Tuesday, January 31, 2023

Sorry, your princess is in...excruciating pain!

A downside to my blogging technique is that I sometimes pick up a bunch of issues of a particular title at once, but I don't want to blog them all at once, right? Which sometimes leads to me not reading half of, or even any, of said bunch! For example, I picked up a bunch of Legion and a Showcase volume, and I still have most of them unread. Somehow I think I thought I had just done a bunch of Legion posts; which I'm not sure was actually the case, but whatever. Here's one I thought we'd hit before, but now's as good a time as any: from 1975, Superboy (starring the Legion of Super-Heroes) #209, "Who Can Save the Princess?" Written by Jim Shooter, art by Mike Grell.
Princess Projectra nearly plows a Legion cruiser right into headquarters, stopped only by Timber Wolf and some quick lasso work; but while he and Karate Kid would've probably written that off to women drivers, it's worse than that. She collapses, and Brainiac 5 makes a remote diagnosis: she had contracted the dreaded "pain plague." While the fever it caused wasn't fatal, it did cause six hours of blinding pain that did kill; but Brainy talks them through a treatment: Projectra had already suffered through two hours, and if T-Wolf, Karate Kid, and Saturn Girl can each take an hour of her pain, Superboy would be back on earth in time to cover the last hour. Seems reasonable enough, but the flaw becomes apparent, as T-Wolf goes berserk.
After subduing T-Wolf (and changing to his new costume going forward!) Karate Kid suggests he could take two hours, since the pain was getting worse each hour. Saturn Girl is unwilling to let him risk himself, but her mental powers could be a problem: she could turn on him, Projectra, anyone. She has to be bound and gagged in an anti-telepathy helmet for her hour; which kind of feels like a fetish for someone. Superboy arrives after Karate Kid had taken his hour, in stoic meditation; but Superboy realizes, his invulnerability is protecting him, and he can't take Projectra's pain. As Superboy scrambles to try and find a fix, Karate Kid drags himself to try and save his love by sacrificing himself for the last hour, but is stopped by the sudden return of reserve member Duo Damsel! Who then attacks herself, forcing Superboy to keep them separated for an hour. (DD had a crush on Superboy that didn't pan out, so she was probably okay with that one!)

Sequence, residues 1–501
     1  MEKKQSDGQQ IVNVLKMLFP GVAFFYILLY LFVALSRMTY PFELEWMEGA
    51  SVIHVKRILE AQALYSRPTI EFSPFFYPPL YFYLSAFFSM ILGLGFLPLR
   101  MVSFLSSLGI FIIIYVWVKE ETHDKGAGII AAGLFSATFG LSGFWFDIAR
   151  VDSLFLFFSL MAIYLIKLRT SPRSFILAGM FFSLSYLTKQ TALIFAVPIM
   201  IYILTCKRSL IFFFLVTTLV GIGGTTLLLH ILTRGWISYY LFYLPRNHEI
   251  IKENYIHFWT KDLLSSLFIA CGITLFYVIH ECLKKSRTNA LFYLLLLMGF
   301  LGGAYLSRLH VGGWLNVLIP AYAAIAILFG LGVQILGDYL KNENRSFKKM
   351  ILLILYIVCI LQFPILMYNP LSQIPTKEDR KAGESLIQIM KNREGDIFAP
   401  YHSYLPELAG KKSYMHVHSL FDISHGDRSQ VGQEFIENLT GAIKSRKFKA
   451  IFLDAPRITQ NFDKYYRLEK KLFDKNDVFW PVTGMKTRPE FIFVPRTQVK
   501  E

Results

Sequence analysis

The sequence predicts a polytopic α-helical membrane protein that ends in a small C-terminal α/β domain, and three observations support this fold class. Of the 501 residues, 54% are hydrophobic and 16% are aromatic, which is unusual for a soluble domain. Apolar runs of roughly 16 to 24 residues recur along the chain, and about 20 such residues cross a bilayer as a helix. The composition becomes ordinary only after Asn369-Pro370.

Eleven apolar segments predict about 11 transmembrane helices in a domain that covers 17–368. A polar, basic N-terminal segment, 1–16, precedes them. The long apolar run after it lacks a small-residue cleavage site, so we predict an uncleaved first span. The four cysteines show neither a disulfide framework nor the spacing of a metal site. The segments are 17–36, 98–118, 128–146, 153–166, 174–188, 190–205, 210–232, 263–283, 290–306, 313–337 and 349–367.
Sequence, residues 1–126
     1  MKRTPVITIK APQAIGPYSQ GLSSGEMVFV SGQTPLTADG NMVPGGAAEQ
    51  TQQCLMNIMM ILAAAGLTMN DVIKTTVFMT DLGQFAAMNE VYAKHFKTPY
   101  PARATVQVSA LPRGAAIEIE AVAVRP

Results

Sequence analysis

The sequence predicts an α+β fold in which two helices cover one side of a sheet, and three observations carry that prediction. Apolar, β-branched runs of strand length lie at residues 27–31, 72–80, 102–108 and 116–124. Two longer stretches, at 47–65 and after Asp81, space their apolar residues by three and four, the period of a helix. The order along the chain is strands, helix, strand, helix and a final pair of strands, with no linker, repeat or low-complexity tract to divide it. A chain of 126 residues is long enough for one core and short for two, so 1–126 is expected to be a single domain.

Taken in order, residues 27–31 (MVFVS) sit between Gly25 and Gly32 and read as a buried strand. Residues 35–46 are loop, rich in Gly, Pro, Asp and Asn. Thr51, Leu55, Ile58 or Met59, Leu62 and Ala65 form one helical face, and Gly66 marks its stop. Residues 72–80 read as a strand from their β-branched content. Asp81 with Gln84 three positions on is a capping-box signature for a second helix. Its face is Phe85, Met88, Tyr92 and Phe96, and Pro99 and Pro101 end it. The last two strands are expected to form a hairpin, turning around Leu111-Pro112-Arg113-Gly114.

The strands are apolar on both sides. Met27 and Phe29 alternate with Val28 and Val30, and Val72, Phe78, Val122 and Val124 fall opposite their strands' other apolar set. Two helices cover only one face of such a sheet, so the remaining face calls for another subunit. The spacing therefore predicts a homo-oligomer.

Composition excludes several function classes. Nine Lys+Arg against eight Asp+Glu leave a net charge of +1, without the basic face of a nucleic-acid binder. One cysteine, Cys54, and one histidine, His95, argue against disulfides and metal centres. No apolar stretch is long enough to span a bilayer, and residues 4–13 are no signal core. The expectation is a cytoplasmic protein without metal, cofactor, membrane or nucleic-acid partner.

Also this issue: "Hero For a Day" Written by Cary Bates, art by Mike Grell. Young Flynt Brojj was the number-one fundraiser for the U.P. charity drive, and wins a day with the Legion. And what better place to start the tour than...the mailroom, basically. Just in time for some joker to ship them a dreaded "witch-wolf!" The witch-wolf gave off "an invisible poisonous radiation" that turned someone's greatest ability against them, and it downs Cosmic Boy, Wildfire, and Shrinking Violet as they try to teleport it away. Luckily, Flynt has realized something: after his borrowed Legion flight ring fell off, he couldn't see the witch-wolf anymore. It was a trick of hypnosis, transmitted through the rings. Seems like that's something the team'd need to follow up on, but nah, Flynt gets his moment of glory, and that's good enough.
Also also this issue: a USPS statement of ownership. Average number of copies sold during preceding 12 months (total paid circulation): 225,427. Actual number sold for issue nearest filing date (total paid circulation): 260,480. Read more!

Monday, January 30, 2023

I thought this was an OK issue, until they mentioned Michael Golden was supposed to be there!

This was a pretty good crew to cobble an issue together, though! From 1982, Doctor Strange #54, "Alone!" Written by Roger Stern and J.M. DeMatteis, pencils by Paul Smith and Brent Anderson, inks by Terry Austin and Joe Rubenstein.
The letters page mentions a delay in the arrival of Michael Golden, so instead Stern/Smith/Austin deliver a framing sequence and DeMatteis/Anderson/Rubenstein a flashback; as Strange laments Clea leaving him to return to her Dark Dimension and fight Umar. He's more concerned over his lost lover than losing her as an apprentice; while wondering if combining the two had been a good idea.
In the flashback, Strange remembers about a year prior, as he and Clea worked to save a young man who claimed his ego was being stolen. Strange eventually realizes he had faced the bad guy before: Tiboro, from Strange Tales #129, who had been able to convince several disciples to surrender their will to him, giving him power. Strange knows the fullness of humanity is more than he can take, though, and turns him to stone. When the fight was over, Clea has a bit of a laugh with Strange, suggesting she liked the way an unconscious cultist kept his mustache, and Stephen should try that look again.